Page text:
The announcement that samurai swords are to be banned in England and Wales has been welcomed by those who have campaigned against their sale.
The government wants to restrict the types of weapons available
But collectors and martial arts enthusiasts are concerned legitimate owners may fall foul of the law.
Barbara Dunne hopes the announcement is vindication for years of campaigning against bladed weapons, and samurai swords in particular.
In 2003, her son Robert from Middlesbrough was killed by a teenager wielding a samurai sword. The weapon punctured his heart.
Jason Kelly is currently serving a life sentence for murder.
Ms Dunne believed her son would have wanted her to campaign against such weapons and she has done so with gusto. She took a petition to Downing Street, wrote to MPs and compiled a dossier of other weapons.
She believes this is a reward for her efforts. "It's an achievement to get the weapons banned. I don't want children to keep seeing them in shop windows and thinking it's normal."
Ms Dunne was one of those who responded to a government consultation on the issue earlier this year. Despite her opposition to the swords, she agrees there should be an exemption for genuine martial arts enthusiasts.
A martial art
Fay Goodman is also hoping there will be leniency towards sport.
She has good claim to being Britain's most skilled swordswoman. She practises Iaido, a Japanese martial art which uses the sword, and is one of only three women outside Japan to be graded a seventh dan.
But Ms Goodman is among those worrying about the government's decision to focus on samurai swords.
"I am concerned. It depends on the small print. Martial artists using swords begin with a wooden one, progress to a blunt weapon and finally start using a razor-sharp blade.
Fay Goodman says swords must be treated with respect
"These weapons could be banned if the government goes too far."
The former athlete, who won a gold medal at the European Championships in 1995, is not totally against new legislation. She admits there could be a case for a licensing system.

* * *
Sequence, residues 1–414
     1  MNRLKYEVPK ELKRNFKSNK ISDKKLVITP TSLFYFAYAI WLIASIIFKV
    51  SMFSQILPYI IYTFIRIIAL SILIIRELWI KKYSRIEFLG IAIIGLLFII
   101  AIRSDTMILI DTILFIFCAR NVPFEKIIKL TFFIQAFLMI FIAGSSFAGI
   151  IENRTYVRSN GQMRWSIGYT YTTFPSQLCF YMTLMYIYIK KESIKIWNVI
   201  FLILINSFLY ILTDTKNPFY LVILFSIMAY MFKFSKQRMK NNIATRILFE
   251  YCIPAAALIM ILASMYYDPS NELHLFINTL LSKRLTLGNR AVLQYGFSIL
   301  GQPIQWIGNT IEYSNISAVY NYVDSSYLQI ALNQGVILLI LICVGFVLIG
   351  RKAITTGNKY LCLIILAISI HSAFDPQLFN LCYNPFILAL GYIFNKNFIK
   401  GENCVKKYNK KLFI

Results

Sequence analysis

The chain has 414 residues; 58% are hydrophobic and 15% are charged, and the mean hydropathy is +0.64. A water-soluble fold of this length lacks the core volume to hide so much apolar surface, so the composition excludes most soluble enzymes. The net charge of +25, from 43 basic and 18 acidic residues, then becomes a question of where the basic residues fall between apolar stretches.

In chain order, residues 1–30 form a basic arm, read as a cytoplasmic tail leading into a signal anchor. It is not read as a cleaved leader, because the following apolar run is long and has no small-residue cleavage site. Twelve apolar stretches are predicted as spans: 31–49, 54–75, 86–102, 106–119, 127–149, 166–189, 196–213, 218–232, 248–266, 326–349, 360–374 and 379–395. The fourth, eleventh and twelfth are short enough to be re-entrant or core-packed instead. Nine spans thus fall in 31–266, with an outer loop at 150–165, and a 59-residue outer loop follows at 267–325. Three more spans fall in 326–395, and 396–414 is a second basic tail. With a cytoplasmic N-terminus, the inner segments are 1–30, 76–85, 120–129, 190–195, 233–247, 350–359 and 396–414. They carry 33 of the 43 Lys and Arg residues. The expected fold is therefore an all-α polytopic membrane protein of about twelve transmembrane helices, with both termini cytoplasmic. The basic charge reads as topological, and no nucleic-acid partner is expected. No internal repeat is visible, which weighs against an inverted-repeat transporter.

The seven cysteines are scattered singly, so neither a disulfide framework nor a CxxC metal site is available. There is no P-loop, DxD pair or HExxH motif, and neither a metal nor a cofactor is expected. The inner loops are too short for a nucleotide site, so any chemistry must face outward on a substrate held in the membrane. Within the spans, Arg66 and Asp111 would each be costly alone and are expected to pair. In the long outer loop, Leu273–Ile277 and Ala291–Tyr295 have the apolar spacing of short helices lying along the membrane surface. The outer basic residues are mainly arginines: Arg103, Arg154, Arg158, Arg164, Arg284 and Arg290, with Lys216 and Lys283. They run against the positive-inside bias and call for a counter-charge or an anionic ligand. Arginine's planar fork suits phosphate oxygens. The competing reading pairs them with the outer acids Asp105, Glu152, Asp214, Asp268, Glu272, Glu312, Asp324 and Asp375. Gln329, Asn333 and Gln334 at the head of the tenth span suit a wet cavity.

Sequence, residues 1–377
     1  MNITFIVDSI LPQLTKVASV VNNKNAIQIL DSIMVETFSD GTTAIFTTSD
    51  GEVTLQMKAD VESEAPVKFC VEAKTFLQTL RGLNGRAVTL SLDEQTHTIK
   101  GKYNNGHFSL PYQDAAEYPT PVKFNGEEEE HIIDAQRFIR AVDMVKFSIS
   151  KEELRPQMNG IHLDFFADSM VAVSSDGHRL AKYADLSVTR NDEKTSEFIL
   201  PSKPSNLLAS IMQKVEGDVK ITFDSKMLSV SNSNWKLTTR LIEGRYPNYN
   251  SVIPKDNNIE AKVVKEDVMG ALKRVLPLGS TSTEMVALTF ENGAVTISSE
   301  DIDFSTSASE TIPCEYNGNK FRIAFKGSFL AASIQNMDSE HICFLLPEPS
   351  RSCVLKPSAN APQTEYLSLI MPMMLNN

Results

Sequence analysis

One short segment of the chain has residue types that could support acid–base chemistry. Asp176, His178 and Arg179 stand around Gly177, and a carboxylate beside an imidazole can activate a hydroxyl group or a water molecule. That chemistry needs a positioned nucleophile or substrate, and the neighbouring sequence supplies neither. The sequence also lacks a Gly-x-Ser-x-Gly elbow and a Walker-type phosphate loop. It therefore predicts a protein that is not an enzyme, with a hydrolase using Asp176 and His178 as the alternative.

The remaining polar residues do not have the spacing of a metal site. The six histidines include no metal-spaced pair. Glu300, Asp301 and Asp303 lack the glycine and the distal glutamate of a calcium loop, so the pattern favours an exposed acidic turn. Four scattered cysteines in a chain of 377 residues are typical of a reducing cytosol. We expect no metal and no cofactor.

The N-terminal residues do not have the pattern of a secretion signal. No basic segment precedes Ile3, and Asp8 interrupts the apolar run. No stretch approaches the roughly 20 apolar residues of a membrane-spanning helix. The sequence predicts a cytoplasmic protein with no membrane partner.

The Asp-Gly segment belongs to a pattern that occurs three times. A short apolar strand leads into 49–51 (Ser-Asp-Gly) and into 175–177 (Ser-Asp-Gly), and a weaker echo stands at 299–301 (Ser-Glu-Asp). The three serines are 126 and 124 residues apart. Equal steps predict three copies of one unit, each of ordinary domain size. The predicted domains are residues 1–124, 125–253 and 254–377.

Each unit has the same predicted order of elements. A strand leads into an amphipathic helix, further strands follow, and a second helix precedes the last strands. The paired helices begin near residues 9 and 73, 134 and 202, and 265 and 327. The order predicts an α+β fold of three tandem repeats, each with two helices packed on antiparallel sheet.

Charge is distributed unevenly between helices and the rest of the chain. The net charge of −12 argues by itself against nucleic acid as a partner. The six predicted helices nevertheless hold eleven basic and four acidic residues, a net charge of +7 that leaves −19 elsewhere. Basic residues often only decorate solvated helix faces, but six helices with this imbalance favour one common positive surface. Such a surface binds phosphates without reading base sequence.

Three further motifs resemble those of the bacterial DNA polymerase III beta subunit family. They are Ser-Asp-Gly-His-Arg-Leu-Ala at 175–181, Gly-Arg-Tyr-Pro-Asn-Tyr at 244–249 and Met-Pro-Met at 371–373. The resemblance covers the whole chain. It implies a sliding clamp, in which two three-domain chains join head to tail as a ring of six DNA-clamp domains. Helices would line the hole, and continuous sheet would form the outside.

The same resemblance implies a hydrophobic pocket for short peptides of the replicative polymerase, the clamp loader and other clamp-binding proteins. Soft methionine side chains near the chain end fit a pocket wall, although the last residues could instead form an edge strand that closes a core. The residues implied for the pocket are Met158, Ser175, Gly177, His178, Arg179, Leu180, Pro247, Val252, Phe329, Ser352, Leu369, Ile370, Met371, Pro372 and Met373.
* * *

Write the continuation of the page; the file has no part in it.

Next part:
But she points out: "People need some protection but criminals could use anything. The biggest amount of knife crime is actually domestic violence. Guns were licensed but shootings have only increased."
It is not the first time samurai swords have incurred the wrath of a government. In 1867, Japan banned people from openly wearing swords and abolished the samurai class.
That decision, more than a century ago, led to many beautifully crafted weapons entering the market. Two million swords known as "gun to" were made during World War II, again feeding the demand from western collectors.
Today there's a thriving market. Rare swords can sell for tens of thousands of pounds.
Mark Hawkins owns the Lanes Armoury, a specialist shop selling arms and militaria in Brighton. He has a number of samurai swords for sale, and says collectors are primarily motivated by their beauty and history.
"Genuine and reproduction swords look similar. But they're not really the same. It's like comparing an oil painting to a photographic print."
Mr Hawkins is unlikely to be affected by the legislation because his swords are expensive historical items. Other businesses may be less lucky.
Lawrence Taylor runs one of the largest Internet dealers in the country. Blades-UK has dozens of swords and other weapons at cheaper prices.
A traditional Samurai Katana, from the Koto era, around 500 years old
Mr Taylor argues swords are often blamed for deaths caused by long knives: "I'm disgusted. A ban won't make any difference. More people are killed by guns and screwdrivers."
Tens of thousands of collectors and martial arts enthusiasts will be affected, and there will be confusion about what actually constitutes a sword."
Blades-UK has an age verification system, and Mr Taylor says he does not sell to anyone under the age of 18.
But if the government gets its way, replica swords will need to be put back in their scabbards permanently.